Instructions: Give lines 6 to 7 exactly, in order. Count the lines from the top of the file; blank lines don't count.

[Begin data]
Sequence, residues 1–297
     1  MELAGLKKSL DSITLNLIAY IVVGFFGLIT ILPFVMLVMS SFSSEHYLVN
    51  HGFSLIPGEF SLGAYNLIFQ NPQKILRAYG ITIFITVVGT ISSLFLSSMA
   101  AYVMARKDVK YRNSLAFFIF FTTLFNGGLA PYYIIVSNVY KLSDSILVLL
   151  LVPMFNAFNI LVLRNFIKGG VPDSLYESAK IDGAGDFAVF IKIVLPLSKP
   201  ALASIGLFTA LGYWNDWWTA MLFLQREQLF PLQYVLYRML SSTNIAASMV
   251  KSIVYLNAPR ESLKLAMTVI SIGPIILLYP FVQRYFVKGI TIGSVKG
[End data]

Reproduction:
   201  ALASIGLFTA LGYWNDWWTA MLFLQREQLF PLQYVLYRML SSTNIAASMV
   251  KSIVYLNAPR ESLKLAMTVI SIGPIILLYP FVQRYFVKGI TIGSVKG